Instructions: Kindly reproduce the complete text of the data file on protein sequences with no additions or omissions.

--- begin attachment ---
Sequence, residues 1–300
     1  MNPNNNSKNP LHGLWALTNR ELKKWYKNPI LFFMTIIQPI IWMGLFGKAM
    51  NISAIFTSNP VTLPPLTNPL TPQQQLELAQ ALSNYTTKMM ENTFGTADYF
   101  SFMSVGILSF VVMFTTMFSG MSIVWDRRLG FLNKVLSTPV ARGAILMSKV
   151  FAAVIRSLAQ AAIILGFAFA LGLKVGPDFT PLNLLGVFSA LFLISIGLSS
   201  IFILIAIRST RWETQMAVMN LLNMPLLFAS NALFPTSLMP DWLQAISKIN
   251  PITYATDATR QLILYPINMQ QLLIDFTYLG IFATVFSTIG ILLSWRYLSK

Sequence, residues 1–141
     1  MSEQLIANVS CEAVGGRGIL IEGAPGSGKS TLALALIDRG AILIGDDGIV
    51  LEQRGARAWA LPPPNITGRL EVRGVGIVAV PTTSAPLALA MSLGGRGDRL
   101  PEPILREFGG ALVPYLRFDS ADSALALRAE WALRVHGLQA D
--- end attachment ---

Sequence, residues 1–300
     1  MNPNNNSKNP LHGLWALTNR ELKKWYKNPI LFFMTIIQPI IWMGLFGKAM
    51  NISAIFTSNP VTLPPLTNPL TPQQQLELAQ ALSNYTTKMM ENTFGTADYF
   101  SFMSVGILSF VVMFTTMFSG MSIVWDRRLG FLNKVLSTPV ARGAILMSKV
   151  FAAVIRSLAQ AAIILGFAFA LGLKVGPDFT PLNLLGVFSA LFLISIGLSS
   201  IFILIAIRST RWETQMAVMN LLNMPLLFAS NALFPTSLMP DWLQAISKIN
   251  PITYATDATR QLILYPINMQ QLLIDFTYLG IFATVFSTIG ILLSWRYLSK

Sequence, residues 1–141
     1  MSEQLIANVS CEAVGGRGIL IEGAPGSGKS TLALALIDRG AILIGDDGIV
    51  LEQRGARAWA LPPPNITGRL EVRGVGIVAV PTTSAPLALA MSLGGRGDRL
   101  PEPILREFGG ALVPYLRFDS ADSALALRAE WALRVHGLQA D